26th January 2019 – Whilst stable conditions will prevail across the area, a strong surface high pressure system will continue to maintain a moderate to fresh wind flow and elevated sea conditions thus keeping a High Surf Advisory in place.
Long northeast swells of moderate height are reaching the islands. These swells are causing dangerous breaking waves (surfs) and life-threatening rip currents.
Seas: 2 to 2.8 metres (7 to 9 feet), occasionally higher, reaching 3.5 metres (12 feet) mainly over the next 24 hours. Seas will fall to 1.5 to 2 metres (5 to 7 feet) by Monday.
Swells: Swells northerly, 1.2 to 2 metres (4 to 6 feet) and occasionally higher. Swells have peaked and are on the decline.
Surfs(Breaking Swells): Over 2 metres (6 feet). These conditions will be conducive for dangerous rip currents. Please note that surfs could be as much as twice the height of swells.
Coastal flooding: High tides combine with onshore wind and swell actions will result in localized coastal flooding and beach erosion.
Locations (to be) affected: Exposed and shallow northwest, north and northeast facing coastlines.
Timing: Until Sunday.
Impacts: (possible/likely/expected): Loss of life – strong currents that can carry even the strongest swimmers out to sea; injuries to beachgoers; beach erosion; sea water splashing onto low lying coastal roads; beach closures; localized disruptions to marine recreation and businesses; financial losses; damage to coral reefs; salt water intrusion and disruptions to potable water from desalination. High surfs can knock spectators off exposed rocks and jetties. Breaking waves may occasionally impact harbors making navigating the harbor channel dangerous.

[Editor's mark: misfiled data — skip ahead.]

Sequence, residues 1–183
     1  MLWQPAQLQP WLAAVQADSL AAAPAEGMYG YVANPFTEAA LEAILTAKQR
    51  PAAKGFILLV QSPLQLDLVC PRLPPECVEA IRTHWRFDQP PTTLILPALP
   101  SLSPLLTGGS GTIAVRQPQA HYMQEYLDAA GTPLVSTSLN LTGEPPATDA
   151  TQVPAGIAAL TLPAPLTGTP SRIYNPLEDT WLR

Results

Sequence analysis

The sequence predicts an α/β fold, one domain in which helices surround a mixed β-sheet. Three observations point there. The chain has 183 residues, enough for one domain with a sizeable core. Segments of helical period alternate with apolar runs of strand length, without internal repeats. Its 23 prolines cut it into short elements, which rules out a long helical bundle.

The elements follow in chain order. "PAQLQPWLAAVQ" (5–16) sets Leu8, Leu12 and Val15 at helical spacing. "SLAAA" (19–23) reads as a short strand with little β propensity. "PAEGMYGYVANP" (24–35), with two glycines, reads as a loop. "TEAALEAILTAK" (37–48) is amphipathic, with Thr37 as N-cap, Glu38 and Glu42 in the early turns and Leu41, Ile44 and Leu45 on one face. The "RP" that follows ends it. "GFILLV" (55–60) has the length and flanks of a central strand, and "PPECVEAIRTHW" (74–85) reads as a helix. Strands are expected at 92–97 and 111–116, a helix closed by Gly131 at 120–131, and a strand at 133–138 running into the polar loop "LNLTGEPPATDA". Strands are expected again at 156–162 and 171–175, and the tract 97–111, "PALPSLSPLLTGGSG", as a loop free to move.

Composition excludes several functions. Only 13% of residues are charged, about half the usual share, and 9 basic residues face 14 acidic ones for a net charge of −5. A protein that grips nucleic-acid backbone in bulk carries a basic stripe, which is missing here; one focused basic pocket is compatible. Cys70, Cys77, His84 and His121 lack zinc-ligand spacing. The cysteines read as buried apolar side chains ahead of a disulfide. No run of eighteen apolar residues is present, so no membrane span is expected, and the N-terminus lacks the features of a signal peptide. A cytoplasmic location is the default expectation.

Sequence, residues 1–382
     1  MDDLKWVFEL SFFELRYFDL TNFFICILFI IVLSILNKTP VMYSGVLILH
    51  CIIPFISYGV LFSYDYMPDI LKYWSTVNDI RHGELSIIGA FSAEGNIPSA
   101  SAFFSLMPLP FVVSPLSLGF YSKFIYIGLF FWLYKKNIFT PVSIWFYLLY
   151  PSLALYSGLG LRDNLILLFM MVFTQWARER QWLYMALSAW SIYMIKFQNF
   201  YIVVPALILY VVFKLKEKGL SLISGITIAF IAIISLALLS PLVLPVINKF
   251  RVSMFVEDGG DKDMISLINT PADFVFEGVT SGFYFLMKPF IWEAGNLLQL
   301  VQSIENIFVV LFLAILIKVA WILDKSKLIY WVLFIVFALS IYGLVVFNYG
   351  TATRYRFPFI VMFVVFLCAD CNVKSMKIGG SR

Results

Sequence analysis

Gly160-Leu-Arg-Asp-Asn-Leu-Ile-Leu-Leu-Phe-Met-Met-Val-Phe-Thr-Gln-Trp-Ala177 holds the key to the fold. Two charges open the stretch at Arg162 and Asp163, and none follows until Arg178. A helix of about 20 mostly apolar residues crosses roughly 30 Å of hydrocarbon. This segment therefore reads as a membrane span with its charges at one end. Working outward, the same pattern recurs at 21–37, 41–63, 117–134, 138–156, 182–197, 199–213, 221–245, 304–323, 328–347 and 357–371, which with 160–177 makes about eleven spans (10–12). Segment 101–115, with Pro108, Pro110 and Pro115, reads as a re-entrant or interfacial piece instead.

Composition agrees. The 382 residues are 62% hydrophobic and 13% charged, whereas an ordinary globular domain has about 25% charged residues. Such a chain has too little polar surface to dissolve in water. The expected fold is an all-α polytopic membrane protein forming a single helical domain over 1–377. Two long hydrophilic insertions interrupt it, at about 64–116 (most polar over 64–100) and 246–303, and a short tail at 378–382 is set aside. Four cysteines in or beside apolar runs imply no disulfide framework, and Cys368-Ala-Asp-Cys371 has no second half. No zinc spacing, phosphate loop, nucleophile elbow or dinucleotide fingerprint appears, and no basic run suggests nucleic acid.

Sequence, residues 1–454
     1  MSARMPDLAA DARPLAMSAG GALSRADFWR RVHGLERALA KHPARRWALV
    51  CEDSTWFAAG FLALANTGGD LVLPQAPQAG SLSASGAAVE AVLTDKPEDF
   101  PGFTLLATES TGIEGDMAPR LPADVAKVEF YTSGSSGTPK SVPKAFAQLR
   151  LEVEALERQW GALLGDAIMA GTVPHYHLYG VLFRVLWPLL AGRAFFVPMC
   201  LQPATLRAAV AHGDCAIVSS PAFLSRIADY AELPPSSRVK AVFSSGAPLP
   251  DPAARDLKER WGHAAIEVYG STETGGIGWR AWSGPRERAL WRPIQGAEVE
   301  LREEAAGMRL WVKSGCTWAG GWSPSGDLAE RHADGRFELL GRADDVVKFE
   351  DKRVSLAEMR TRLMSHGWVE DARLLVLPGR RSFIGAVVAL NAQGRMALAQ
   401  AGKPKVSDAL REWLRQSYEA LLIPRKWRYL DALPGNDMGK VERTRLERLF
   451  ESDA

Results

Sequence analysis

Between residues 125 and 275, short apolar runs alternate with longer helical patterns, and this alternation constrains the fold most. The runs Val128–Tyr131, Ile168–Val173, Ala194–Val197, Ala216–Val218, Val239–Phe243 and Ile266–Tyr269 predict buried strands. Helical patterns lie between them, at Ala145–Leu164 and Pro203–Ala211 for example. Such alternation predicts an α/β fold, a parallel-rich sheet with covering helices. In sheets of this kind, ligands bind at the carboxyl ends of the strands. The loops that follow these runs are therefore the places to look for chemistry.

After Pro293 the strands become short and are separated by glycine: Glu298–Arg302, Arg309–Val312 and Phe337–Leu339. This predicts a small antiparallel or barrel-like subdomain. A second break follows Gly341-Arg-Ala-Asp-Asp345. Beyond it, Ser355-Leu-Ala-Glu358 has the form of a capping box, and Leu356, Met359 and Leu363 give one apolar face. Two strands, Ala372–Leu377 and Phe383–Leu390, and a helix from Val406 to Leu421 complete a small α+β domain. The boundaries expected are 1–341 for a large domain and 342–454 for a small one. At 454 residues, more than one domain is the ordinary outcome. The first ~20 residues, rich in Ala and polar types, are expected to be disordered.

Precautionary/preparedness actions: High surf advisory means that dangerous surfs of 2 to 3 metres or 6 to 10 feet will affect coastlines in the advisory area, producing hazardous conditions. Beachgoers should be extremely cautious; bathe only where lifeguards are present or the sheltered, less affected southern beaches. Rip currents are powerful channels of water flowing quickly away from shore, which occur most often at low spots or breaks in the sandbar and near structures such as groins, jetties and piers. If caught in a rip current, relax and float. Don`t swim against the current. If able, swim in a direction following the shoreline. If unable to escape, face the shore and call or wave for help.
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Disclaimer: The Department of Disaster Management (DDM) is not an official Meteorological Office. The Information disseminated by the Department is gathered from a number of professional sources used or contracted by the DDM to provide such information. This information is to be used as a guide by anyone who has interest in local weather conditions. By no means can the DDM or the BVI Government be held accountable by anyone who uses this information appropriately for legal evidence or in justification of any decision which may result in the loss of finances, property or life.